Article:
In some ways, writing by hand makes me a dinosaur. There are certainly quicker ways to produce the notes on a page. For me, writing every note and rest by hand slows down the process so that I think carefully about each decision. I am made more aware of relationships and repetitions that I might otherwise not have caught. “Copy and paste” becomes laborious, and this causes me to avoid literally copying and pasting passages in my music, achieving greater variety. I can also clearly see erasures and stages of writing (“how did I arrive at this idea?”), all useful information that can be employed elsewhere in the creative process. John Corigliano encouraged me to write on long pieces of manuscript paper, so that larger stretches of texture could be viewed at once.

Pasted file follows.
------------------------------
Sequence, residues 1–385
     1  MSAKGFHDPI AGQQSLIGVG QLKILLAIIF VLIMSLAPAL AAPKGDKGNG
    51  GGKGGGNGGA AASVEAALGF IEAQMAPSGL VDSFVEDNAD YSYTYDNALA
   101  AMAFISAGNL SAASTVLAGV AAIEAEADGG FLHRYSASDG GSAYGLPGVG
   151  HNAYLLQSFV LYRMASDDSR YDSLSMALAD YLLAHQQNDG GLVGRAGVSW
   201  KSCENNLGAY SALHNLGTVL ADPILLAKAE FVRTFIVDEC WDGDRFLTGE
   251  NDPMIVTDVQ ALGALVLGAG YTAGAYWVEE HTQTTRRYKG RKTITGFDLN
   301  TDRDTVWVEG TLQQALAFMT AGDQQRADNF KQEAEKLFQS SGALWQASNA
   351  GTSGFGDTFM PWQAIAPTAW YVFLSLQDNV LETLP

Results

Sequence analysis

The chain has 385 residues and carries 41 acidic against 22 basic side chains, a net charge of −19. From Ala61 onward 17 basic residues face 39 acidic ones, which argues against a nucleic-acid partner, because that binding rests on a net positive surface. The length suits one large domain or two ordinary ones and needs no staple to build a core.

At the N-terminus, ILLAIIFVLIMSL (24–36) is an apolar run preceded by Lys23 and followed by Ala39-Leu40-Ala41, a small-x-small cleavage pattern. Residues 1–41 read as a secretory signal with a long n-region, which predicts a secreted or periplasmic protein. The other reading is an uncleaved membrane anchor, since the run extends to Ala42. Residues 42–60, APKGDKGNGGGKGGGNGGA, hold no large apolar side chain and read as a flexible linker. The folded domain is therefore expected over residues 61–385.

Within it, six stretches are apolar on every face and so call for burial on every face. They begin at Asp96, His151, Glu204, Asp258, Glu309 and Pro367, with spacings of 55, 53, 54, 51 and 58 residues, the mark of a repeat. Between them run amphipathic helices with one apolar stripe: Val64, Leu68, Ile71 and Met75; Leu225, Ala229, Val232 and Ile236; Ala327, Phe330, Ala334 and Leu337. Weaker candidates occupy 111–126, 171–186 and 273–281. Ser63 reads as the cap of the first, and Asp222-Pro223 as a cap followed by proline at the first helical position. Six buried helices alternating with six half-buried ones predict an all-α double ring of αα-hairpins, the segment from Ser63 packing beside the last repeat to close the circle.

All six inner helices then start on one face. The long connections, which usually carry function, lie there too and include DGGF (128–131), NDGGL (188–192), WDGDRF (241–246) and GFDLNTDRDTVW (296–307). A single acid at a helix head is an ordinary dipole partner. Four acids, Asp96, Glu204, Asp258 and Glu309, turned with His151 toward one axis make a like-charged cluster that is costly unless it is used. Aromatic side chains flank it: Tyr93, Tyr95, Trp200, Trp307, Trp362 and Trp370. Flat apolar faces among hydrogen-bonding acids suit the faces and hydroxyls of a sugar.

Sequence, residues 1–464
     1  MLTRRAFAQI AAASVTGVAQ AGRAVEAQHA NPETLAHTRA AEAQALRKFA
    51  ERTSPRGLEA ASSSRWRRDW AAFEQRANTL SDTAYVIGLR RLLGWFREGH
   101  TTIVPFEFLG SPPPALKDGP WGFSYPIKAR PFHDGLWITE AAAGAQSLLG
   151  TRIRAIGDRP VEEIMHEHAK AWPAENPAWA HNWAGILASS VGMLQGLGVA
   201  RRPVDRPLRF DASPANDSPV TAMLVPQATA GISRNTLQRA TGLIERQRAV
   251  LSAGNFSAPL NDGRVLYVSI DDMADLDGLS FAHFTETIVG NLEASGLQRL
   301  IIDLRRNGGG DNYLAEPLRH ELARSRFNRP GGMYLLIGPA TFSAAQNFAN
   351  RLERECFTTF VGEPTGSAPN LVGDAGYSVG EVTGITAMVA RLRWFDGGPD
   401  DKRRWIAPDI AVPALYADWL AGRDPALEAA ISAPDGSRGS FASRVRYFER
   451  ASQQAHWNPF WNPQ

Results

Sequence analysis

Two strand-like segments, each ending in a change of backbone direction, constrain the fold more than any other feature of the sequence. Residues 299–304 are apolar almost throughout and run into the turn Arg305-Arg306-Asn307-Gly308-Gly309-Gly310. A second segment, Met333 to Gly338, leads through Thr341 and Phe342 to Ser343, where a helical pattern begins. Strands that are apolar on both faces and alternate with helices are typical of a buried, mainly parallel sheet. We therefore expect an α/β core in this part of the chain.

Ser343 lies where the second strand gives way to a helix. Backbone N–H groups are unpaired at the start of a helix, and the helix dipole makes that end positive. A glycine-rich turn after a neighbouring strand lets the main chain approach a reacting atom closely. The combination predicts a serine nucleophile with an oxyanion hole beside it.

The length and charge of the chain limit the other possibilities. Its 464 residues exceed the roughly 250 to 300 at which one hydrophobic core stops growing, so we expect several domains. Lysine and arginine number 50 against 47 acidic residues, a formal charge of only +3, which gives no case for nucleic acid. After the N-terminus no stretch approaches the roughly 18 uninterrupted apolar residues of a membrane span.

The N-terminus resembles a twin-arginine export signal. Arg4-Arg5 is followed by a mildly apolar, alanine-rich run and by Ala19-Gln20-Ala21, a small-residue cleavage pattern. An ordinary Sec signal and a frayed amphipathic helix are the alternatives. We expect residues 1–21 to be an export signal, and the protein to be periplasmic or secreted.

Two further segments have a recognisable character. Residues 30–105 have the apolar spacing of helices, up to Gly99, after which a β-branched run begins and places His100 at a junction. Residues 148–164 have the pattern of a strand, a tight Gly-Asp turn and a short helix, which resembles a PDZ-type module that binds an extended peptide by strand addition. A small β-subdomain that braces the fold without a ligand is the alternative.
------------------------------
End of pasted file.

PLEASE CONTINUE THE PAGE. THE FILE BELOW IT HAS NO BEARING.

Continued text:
Final page of the short score, dated May 23, 2015.

 

The short score was completed on May 23, after I spent a few tense days playing the ending over and over again, deciding on the expanded version you see above. Something just didn’t sit right about the original ending. Ultimately, the final measures needed to “stretch out” a little more–things were happening too fast–so I slowed down the harmonic rhythm and added extra layers of texture, like the running scales in the bass. Notations in red are later corrections, additions, revisions, orchestrational labels–anything during the second wave of review.

 

Following summer travels and work on other projects, the orchestration of the Concerto began in late July and wrapped up in early September. This gave me a brisk two-week period to edit the score and parts, which were delivered on time.

 

Finding Form

 

I knew that I wanted a one-movement piano concerto, or a concerto with interconnected attacca movements, akin to the Ravel Concerto for Left Hand and Prokofiev’s Concerto no. 1, op. 10 (which I played during my high school days). While working on the first page of short score, the following basic formal scheme came to mind: